Friday Night Lights Episode 4-10 Review

A week after our appetite for more Coach/Tami scenes was satiated, we’re then treated to the finest Friday Night Lights episode since Matt Saracen skipped town for greener pastures.

This is especially ironic, considering this had all the makings of an unmitigated disaster. Shows can often stray into preachy and heavy-handed territory when the decision is made to put a character into a socially relevant moral quandary, such as an unplanned pregnancy.

The key to the success of the Becky/Luke/bastard child story arc is that the show didn’t once make the dilemma feel “issue-ish”. Yeah, that’s a real world. The point is, there’s no pro or anti-abortion agenda being pushed on us here, the focus remains squarely on these characters in this scenario, nothing more. And on that level, this story was nothing short of brilliant. I can’t say enough wonderful things. I love that Tim’s first instinct was to bring Becky to Tami, because…well…duh. I love the completely sensible and level-headed manner in which Tami doled out the advice to Becky. Alicia Witt’s triumphant return as Becky’s enraged mom was nothing short of transcendent, particularly in the scene where Becky comes clean. Also, there was a terrific bit of misdirection afoot in the arc, since I really did not know what Becky was going to do right up until her erstwhile Baby Daddy Luke’s heart on the phone. Well played on all parts.

The other sect of the story that flowed along these lines was Vince dealing with his mother’s drug addiction. While the issue is less divisive than abortion, you still walk the fine line of having the episode play like a glorified after-school special. The problem is most easily quelled due to the captivating performance by Michael B. Jordan as Vince. Vince sort of epitomizes the challenge that the show is facing as it rounds into the home stretch. With so many of the show’s core characters gradually making their exits, we’re forced to sort of warm up to these new people in a relatively small amount of time. That said, it’s no accident that the rise of Vince has coincided with Saracen’s departure, as the writers have rather brilliantly transferred some of the qualities that made Matt such a fan favorite onto Vince: Kid in over his head, taking care of the person who should be taking care of him, dealing with things way beyond his maturity level. Until Wednesday’s outing, Vince was seething with this sort of quiet rage. He was a bundle of angsty, confused aggression with  that clenched jaw and deep, brooding eyes that make him so innately watchable. It all came bubbling to the surface in the scene with Vince pleading with his mother to clean up after her drug overdose. In a series that has become adept at routinely churning out chill-worthy moments, that one ranks right near the top as far as I’m concerned. And then…well, we’ll get back to this.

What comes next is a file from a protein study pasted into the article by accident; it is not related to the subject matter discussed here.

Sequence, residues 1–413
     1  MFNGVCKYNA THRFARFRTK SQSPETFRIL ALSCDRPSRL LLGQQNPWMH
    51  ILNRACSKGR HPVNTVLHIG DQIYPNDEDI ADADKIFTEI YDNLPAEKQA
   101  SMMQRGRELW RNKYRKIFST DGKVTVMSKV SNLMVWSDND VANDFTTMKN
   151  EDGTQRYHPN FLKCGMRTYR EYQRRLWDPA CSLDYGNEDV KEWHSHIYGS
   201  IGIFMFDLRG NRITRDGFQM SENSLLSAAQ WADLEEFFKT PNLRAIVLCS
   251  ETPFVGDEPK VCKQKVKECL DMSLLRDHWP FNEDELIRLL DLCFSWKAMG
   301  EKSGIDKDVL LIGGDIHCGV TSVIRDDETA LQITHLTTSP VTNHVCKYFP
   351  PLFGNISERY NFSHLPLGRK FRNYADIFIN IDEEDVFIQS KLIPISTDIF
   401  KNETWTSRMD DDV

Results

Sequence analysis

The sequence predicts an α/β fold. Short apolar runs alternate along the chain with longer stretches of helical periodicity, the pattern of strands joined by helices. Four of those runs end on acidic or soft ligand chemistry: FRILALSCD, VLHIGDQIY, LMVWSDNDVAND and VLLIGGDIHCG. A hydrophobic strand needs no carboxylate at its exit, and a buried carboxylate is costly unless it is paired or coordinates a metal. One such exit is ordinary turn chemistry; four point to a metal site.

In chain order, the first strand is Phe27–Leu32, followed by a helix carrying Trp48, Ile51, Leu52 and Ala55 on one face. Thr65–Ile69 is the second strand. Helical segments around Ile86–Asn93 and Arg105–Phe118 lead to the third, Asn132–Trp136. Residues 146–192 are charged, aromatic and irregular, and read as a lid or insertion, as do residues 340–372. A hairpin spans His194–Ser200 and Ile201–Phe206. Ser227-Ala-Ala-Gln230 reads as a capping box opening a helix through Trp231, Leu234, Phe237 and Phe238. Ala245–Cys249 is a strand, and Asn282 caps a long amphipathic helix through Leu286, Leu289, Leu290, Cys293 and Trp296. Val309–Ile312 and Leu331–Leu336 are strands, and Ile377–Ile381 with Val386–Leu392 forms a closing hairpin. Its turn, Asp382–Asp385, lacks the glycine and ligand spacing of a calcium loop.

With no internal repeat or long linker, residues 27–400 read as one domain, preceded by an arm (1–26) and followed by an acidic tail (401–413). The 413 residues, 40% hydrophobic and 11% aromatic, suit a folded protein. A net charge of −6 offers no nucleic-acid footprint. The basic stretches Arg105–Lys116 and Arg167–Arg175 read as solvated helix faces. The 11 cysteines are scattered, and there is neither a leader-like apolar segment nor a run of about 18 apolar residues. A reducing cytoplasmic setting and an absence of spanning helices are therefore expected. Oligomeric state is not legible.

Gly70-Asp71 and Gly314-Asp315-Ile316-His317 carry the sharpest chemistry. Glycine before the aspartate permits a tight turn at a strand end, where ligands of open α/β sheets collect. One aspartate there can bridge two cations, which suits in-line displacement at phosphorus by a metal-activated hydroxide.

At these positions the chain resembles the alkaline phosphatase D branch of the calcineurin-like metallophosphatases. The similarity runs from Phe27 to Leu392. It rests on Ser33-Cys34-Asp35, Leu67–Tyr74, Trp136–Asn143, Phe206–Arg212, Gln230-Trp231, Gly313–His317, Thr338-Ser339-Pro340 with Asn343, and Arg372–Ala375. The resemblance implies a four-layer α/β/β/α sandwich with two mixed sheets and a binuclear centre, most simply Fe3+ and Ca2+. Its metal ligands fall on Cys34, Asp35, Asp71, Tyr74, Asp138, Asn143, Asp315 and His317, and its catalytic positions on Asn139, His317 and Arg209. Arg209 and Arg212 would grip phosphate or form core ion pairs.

I don’t know how I’ve gotten this far into the recap without mentioning the impromptu drinking contest between Coach and Big Mary, all while discussing the struggles of coaching supremely athletic, but undisciplined player like Vince. It was made all the better by Tami’s having to drive him back to the bar in the morning to retrieve the car. It’s great moments of levity like that in a show with such turmoil that keeps it a cut above the rest. And while we’re talking about Big Mary, I can’t say how glad I am that Steve Harris is fitting right in with the ensemble like I knew he would. He’s been a tremendous character actor for many years, and his performances are never showy, but always hit just the right note and accomplish precisely what they’re supposed to. Case in point, the scene where Vince asked him for an advance on his paycheck to pay for his mom’s rehab. And right on its heels the scene between he and Jess, who could not understand why he took such an active interest in Vince’s struggles, while keeping his own family at a distance.

Other moments of levity included Julie’s new Habitat for Humanity dude friend Ryan coming over dinner and being completely flabbergasted by the notion that people would play football in the rain, and how “weird” that would get. I don’t think much of this toe-headed, house-building, do-gooder. He’s a little bit of a dork right? And not in a cool, Landry-esque way. It’s more like that guy you’d never invite out, ever. Here’s hoping Tami’s assertion that he’s just a rebound guy is right on the nose.

In the midst of their eschewing their criminal venture, the Riggins brothers shared on particularly brilliant scene in which Billy was cooking for Mindy wearing an apron and…did you notice…a Dillon Panthers 2006 state champions shirt. That’s of course the year Tim won his ring, not Billy. Love those two.

Now, back to that ending. As Vince dutifully checks his mother into a rehab facility, I was almost enraged, since I thought the writers had just decided to ignore the issue of the rather sizeable cost such a a treatment would propose. My rage soon gave way to shock and awe, as Vince paid in straight cash and slipped into a seedy-looking Towncar, where he was greeted by some equally seedy-looking G’s offering him a replacement firearm, as he had relinquished his to Coach. The genius of the scene is in its simplicity. There’s no on-the-nose dialogue to explain what’s happened here, just a troubled kid looking like he has the weight of the world on his shoulders, caught between the devil and the deep blue sea. The word “awestruck” comes to mind.

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